Errington’s debut collection comes as a tight, coarse publication, 18 poems across 21 pages, buzzing with energy from cover to cover. The work sits astride the writer’s recently completed PhD at the University of St Andrews, arguing that a poem’s meaning is ‘co-created’ between the text and the reader themselves. In his poetry, Errington’s objective seems to be to skip over the sensory and the objective, and dive straight into the emotional, evoking feelings deep below the skin.
Glean’s poetry resists close reading in the way that a dream might, rarely painting anything as clear as a picture, but instead snatching moments and stitching them together. The reader must approach the collection like a jigsaw puzzle, scrutinizing pieces but patiently allowing the picture to form in completion. From a broader view certain motifs do appear, of winter, honey, or broken bones, but require labour on the part of the reader to uncover. Errington uses second person consistently throughout.The ‘you’ is imbued with all that the writer wishes to convey, gifted with all kinds of experiences; feelings are expressed in terms of ‘your body’, recalling ‘your father’ and the way ‘you’ve always loved the smoothness’ in various ways. The reader, in taking on this ‘you’, has some presence in the works but also, uncommonly, some agency. In ‘On Highway 2A Near Blackfalds, Alberta, as Night Comes On’, the ‘you’ is told,
Like cracked teeth after a fight. Your tongue
will never rub them smooth. I’m not sure
you’d ever want to. But then again, I’m not
you (and you’re welcome). Maybe though
you wouldn’t mind – maybe just this once
and, in keeping with Errington’s thesis that readers should respond with poetry and not to it, we are asked to take a role in the poem, and become part of the meaning ourselves.
‘On Highway…’ is one of Glean’s more lucid poems, a portrait of ‘towns like the memories of towns,’ rolling through on a regular four-line structure. Errington is fond of couplets, but entries like ‘Little Lit’ are difficult to grasp by combing a line at a time, running on continuously and dropping punctuation midway. Individual phrases are wonderfully rich morsels at times, boiled down and then stretched out to, ‘the moon comes muffled by the streetlamps that buzz // in their glass hives, drooling honey. Your breath scrapes,’ the form preventing any one idea from existing in isolation. These couplets are at their most interesting where broken, as in ‘Yew: Directive’ ‒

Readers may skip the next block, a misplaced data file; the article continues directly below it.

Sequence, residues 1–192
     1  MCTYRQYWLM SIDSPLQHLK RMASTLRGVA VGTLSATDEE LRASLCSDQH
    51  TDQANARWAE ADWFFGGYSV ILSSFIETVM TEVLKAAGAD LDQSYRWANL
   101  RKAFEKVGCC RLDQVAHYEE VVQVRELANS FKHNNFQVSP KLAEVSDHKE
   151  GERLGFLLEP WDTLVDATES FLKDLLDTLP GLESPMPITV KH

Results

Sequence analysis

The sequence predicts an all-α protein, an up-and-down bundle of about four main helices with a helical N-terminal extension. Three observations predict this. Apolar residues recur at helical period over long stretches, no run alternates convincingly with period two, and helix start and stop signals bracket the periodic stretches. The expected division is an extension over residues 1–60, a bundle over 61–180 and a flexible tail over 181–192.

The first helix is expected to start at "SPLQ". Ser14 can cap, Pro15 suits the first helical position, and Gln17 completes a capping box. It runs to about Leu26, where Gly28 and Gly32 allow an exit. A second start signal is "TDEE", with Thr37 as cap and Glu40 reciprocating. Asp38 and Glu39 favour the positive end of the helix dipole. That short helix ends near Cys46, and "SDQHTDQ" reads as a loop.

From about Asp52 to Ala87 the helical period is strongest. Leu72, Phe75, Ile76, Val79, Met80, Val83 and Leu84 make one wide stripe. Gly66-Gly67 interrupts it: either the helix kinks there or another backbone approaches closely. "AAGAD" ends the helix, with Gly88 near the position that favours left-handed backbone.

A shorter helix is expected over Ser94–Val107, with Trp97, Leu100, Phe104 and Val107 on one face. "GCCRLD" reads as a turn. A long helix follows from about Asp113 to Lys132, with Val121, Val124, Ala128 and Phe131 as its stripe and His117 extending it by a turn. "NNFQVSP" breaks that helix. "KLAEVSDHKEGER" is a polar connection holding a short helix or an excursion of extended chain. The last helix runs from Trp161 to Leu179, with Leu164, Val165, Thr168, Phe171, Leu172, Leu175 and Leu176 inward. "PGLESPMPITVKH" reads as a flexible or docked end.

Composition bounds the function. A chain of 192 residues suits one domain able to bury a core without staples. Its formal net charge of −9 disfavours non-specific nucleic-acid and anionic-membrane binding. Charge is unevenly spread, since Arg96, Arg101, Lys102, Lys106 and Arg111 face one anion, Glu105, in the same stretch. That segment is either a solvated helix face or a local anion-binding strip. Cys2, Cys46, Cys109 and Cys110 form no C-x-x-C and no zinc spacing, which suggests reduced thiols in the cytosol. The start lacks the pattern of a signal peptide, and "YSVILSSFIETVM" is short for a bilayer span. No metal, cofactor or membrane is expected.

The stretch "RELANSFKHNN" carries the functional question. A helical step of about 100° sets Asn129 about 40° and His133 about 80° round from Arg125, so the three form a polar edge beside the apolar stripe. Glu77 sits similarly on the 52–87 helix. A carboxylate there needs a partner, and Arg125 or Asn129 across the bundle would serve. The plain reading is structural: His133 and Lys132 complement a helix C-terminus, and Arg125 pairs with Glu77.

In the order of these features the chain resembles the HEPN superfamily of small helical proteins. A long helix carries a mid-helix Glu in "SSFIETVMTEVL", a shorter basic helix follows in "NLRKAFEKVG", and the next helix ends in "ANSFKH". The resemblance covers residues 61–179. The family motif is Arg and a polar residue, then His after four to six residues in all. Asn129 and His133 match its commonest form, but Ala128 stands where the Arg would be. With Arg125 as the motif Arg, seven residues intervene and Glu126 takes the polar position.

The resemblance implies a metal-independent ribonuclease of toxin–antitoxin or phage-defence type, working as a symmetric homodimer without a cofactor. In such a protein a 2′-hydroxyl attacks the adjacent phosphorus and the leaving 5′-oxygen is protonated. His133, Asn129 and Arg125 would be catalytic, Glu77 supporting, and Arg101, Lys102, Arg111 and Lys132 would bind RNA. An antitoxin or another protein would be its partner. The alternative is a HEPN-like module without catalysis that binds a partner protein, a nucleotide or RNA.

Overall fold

the platelets, the bone. Wear life like a habit you can’t
‒ in which the line snaps on the page, diverting and jolting the image, imbuing it with a sense of unease. Manipulation of the form reappears in ‘Lessons in River Reading, 1997’, a long poem unbroken into stanzas, but which washes back and forth in a repeating pattern of indentations, forming ripples four lines deep.
Curiously absent from Glean are any kind of rhyme, assonance or alliteration; Errington does not seem to play with the sound of words at all. If anything, the continual use of enjambment makes the poetry jarring to read aloud, almost every image dismembered as it leaves the mouth. The length of the volume is to its benefit – such strictness of form and density of subject might grow tiresome over a longer scale, but Glean ends quickly enough to hold the interest.
Errington’s idea that a reader should be an active participant in a poem as they read is borne out here. Glean is challenging to read, ironically murky in its meanings; readers who take pleasure from poetic landscaping and sensory transportation might come away from this collection frustrated. The way to read these poems is not as a riddle of imagery but an evocative force, stirring the reader’s heart and fusing with their memories.